Anticompetitive Restraints on Public Charter Schools
John Hoven, EAG 07-11, September 2007
40 states and the District of Columbia have laws that authorize public charter schools to
provide public education with public funds, in competition with regular public schools. However,
many of these laws contain provisions that have hardly any rationale except to restrain competition,
especially: (a) explicit caps on the number of charter schools, (b) exclusive reliance on local school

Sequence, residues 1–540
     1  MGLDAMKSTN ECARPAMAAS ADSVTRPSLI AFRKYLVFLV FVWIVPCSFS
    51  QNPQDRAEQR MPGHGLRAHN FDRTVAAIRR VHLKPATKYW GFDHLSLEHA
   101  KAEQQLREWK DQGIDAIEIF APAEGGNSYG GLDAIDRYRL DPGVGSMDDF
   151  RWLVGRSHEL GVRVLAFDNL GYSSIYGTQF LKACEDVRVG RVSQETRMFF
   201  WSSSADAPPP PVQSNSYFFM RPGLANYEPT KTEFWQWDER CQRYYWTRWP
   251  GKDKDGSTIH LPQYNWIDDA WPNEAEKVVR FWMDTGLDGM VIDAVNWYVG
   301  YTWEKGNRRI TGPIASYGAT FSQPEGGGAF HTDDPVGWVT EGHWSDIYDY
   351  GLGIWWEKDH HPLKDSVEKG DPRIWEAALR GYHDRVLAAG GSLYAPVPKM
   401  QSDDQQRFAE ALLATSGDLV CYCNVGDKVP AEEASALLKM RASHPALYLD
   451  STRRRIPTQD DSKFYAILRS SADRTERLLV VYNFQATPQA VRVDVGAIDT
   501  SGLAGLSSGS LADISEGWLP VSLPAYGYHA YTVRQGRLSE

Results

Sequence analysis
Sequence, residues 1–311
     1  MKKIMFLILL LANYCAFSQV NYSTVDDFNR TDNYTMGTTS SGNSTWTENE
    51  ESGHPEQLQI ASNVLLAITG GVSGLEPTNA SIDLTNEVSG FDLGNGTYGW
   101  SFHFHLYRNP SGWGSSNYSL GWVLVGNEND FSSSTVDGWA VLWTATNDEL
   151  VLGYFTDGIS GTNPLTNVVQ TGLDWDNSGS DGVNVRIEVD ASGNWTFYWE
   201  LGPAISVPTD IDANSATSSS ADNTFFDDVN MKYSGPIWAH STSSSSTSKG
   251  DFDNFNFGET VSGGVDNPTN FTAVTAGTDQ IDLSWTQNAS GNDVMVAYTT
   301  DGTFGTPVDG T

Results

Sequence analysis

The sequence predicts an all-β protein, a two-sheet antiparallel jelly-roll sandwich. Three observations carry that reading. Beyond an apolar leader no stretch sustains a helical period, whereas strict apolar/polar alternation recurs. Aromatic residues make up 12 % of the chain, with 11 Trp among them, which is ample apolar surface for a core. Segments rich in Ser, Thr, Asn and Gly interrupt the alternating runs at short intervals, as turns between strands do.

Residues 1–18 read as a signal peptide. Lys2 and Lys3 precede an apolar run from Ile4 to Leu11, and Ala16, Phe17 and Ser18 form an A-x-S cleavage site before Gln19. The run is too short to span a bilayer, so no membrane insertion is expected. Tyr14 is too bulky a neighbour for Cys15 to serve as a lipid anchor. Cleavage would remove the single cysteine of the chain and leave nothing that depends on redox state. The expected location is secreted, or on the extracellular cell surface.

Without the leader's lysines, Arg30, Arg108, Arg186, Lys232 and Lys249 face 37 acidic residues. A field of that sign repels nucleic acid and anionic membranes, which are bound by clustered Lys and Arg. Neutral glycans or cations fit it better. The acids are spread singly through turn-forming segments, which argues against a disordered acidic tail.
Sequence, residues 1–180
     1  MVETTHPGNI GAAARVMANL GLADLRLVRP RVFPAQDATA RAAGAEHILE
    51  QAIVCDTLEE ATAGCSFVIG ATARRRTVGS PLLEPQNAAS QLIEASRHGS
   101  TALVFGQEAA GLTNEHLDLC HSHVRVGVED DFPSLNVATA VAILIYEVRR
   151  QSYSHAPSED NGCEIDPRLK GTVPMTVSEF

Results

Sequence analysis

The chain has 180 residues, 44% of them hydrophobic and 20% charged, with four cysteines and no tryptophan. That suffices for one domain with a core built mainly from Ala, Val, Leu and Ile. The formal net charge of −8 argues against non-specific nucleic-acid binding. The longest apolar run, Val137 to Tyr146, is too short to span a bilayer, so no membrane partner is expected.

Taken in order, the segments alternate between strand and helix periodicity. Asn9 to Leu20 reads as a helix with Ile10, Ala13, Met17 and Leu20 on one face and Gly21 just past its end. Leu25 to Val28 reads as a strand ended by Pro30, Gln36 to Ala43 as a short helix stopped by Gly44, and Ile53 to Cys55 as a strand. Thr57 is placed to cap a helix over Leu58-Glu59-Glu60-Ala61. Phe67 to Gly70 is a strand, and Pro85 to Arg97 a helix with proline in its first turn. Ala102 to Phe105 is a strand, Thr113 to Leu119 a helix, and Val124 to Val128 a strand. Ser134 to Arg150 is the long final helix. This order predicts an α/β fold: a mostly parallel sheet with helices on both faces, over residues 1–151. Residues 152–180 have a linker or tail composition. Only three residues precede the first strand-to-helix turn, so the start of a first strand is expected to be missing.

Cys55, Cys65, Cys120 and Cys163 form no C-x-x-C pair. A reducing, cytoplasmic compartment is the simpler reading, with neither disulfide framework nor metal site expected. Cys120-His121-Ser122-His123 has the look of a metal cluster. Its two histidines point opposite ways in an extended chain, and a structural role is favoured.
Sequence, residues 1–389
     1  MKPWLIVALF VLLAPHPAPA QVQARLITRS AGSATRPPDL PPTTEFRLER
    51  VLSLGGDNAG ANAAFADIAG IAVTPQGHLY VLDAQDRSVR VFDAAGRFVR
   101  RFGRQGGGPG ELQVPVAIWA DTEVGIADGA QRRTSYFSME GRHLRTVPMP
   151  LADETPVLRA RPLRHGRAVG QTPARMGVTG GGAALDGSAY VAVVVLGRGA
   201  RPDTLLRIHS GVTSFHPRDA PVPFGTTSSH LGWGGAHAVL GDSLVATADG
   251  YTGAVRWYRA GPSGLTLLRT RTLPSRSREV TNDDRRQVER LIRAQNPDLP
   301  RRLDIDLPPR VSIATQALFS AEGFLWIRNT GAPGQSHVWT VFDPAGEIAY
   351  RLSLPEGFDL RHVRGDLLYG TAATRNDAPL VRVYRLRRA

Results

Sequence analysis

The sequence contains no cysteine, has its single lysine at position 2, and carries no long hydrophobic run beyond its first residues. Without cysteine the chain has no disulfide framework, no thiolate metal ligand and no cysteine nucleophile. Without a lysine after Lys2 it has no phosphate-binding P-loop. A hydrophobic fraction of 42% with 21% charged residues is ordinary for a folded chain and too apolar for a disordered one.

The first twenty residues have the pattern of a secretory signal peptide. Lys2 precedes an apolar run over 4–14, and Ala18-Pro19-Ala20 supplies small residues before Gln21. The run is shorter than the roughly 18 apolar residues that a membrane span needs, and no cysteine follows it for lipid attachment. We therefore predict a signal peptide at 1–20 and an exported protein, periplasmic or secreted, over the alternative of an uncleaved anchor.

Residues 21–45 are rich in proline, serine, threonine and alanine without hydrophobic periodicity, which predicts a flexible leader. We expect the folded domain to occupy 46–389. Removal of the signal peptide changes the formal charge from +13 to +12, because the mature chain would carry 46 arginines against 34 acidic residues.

districts as authorizers of charter schools, and (c) impediments to multi-school charter systems.
Removal of these anticompetitive constraints should have both short- and long-term benefits.
However, the evidence to date suggests that the principal benefits are likely to be long-term and
evolutionary, as the result of competitive pressures that encourage good schools to grow, bad schools
to exit, and new schools to imitate good schools rather than bad.